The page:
There are also 6,000 to 7,000 valid affidavit ballots, according to a person on Mr. Adams’s campaign. Those are ballots filed by people who are missing from the list of eligible voters at the polling station they go to. After the election, the Board of Elections checks the affidavit ballots against its records and counts the votes of those who are in fact eligible.

A Board of Elections spokeswoman was unable to immediately confirm the Adams campaign’s account.

Absentee and affidavit ballots can be contested; it was not clear on Tuesday whether Mr. Adams’s rivals were challenging any.

There were more than 139,000 exhausted ballots, or ballots that did not rank either of the top finishers, in the final round.
Sarah Blesener for The New York Times

One striking figure in the new tally of votes that the New York City Board of Elections released on Tuesday evening was the high number of so-called exhausted ballots. There were more than 139,000 of them in the final round — nearly 15 percent of the roughly 937,600 votes counted in the Democratic primary so far.

New York City’s voters, who were using ranked choice for the first time in a citywide election, could be forgiven for finding the term mystifying. Here’s what it means.

Under the system, New Yorkers could rank up to five candidates on their ballot in order of preference. A ballot is considered to be “exhausted” when every candidate ranked by a voter has been eliminated from the race, and the ballot does not help decide the winner.

The voters whose ballots were exhausted in the final round did not rank Eric Adams, who was declared the winner on Tuesday night, or Kathryn Garcia, who was in second place. If a large enough number of those exhausted ballots had ranked Ms. Garcia, they could have changed the outcome of the race.

Mr. Adams was leading Ms. Garcia by only 8,426 votes on Tuesday night.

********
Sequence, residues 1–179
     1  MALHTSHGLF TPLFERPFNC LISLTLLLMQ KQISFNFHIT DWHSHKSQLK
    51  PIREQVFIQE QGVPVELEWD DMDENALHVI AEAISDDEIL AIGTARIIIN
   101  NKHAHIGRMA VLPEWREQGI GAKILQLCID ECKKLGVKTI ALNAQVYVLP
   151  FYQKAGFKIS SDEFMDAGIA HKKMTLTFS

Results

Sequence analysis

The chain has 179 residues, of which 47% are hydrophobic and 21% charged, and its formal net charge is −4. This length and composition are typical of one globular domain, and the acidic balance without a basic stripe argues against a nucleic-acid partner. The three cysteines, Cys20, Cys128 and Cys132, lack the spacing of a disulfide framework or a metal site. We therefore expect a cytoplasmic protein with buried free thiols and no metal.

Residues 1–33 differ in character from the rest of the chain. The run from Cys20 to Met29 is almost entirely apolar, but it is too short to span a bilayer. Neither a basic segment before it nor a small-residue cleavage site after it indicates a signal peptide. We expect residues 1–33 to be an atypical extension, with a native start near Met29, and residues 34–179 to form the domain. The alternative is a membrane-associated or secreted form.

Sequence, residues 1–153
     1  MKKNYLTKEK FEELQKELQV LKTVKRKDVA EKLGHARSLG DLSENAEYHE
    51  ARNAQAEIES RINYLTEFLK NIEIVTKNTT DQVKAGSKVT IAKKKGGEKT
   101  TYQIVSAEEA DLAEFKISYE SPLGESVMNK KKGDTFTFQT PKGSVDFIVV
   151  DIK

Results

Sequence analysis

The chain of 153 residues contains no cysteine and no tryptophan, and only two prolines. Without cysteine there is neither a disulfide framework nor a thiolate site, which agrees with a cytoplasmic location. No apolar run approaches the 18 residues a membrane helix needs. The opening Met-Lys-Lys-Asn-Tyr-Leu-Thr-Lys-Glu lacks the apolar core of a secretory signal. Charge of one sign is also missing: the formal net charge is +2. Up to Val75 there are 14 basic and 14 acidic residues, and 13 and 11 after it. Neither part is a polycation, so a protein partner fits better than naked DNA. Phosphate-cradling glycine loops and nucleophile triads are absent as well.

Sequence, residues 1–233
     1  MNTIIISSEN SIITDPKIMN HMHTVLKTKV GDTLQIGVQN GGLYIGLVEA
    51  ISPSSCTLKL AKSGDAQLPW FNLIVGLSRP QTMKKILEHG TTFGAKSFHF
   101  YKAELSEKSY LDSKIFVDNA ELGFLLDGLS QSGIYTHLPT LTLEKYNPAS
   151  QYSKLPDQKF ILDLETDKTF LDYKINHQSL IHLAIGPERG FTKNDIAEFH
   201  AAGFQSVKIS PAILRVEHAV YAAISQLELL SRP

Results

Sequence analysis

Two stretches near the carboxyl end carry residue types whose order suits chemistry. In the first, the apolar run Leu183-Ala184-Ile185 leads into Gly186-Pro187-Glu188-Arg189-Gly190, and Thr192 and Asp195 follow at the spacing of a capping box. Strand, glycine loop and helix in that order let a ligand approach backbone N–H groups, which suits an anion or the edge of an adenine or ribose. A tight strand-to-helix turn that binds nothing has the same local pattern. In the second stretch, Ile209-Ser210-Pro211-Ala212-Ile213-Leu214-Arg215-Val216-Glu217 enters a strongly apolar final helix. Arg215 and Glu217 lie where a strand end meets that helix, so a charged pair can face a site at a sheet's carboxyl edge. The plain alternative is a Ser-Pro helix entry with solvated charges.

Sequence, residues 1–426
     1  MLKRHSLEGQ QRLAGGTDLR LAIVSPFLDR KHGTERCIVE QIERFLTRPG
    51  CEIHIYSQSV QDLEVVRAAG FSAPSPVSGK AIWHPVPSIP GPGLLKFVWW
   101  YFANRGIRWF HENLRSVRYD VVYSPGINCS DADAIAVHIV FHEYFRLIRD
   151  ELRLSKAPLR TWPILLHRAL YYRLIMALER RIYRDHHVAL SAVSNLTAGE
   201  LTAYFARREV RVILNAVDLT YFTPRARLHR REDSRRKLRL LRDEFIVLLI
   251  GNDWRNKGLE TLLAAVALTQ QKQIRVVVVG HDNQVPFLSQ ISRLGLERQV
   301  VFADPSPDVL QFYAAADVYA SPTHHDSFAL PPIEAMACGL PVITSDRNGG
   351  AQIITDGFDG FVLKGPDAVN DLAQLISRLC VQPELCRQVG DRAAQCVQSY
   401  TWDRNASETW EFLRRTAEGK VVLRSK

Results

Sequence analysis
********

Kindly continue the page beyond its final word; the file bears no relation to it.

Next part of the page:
Many New Yorkers did rank multiple candidates on their ballot, and Ms. Garcia benefited from being the second or third choice for voters who supported other candidates like Maya Wiley, a former counsel to Mayor Bill de Blasio who finished third, and Andrew Yang, the 2020 presidential candidate who struck a late alliance with Ms. Garcia, finished fourth in first-round results and conceded.

Nate Cohn, a writer for The Upshot at The New York Times, wrote on Twitter on Tuesday night that there was no way to know which candidate the exhausted ballots might have favored or “if those voters simply disliked both” Mr. Adams and Ms. Garcia.

Brad Lander, right, ran  as a progressive in the city comptroller race.
Victor J. Blue for The New York Times

Brad Lander, a member of the City Council from Brooklyn, declared victory on Tuesday evening over Corey Johnson, the council’s speaker, in the Democratic primary for New York City comptroller. Mr. Lander led Mr. Johnson by 24,683 votes, according to data released by the Board of Elections.

That margin of victory appears to be more than the number of ballots remaining to be counted and ranked under the city’s new ranked-choice-voting system.

In a statement on Tuesday evening, Mr. Lander said he wanted to work to build “a city that is more just, more equal, and more prepared for the future.”

Mr. Lander has pledged to be more of an activist comptroller and said he would use the power of the office to fight climate change and other problems. His win is seen as a major victory for the city’s progressive movement and means that Eric Adams, who won the Democratic primary for mayor, will have to contend with both a comptroller and a City Council who are further to the left than him on many issues, including policing and urban development.

Mr. Landler’s chief rival, Mr. Johnson, conceded.

“Today, after seeing the numbers released by the Board of Elections, it’s clear that the right thing to do is to suspend my campaign for Comptroller,” Mr. Johnson said in a statement. “This was a hard-fought campaign and I congratulate Brad Lander on his victory.”

The comptroller serves as the city’s chief financial officer, performing critical audits and monitoring how the mayor and the City Council spend taxpayer money. The comptroller is also the fiduciary for $ 250 billion in pension funds covering 620,000 people.

New York City just passed a record $ 99 billion budget that includes at least $ 14 billion in federal assistance. But the city faces budget gaps in future fiscal years, along with uncertainty about the recovery of the business community.

Mr. Lander united the city’s progressive movement behind his candidacy with endorsements from Representative Alexandria Ocasio-Cortez while also gaining national progressive endorsements from the likes of Senators Elizabeth Warren and Bernie Sanders.

Mr. Johnson had gained the support of several labor unions. He dropped out of the mayoral contest last September, citing his mental health. A few months later, he joined the comptroller’s race, betting that his name recognition and experience negotiating multiple city budgets would push him to victory.

Absentee ballots being counted at Queens Borough Hall on June 30. If the results released Tuesday evening hold, women are expected to make up a majority of the City Council for the first time in the city’s history.
Dave Sanders for The New York Times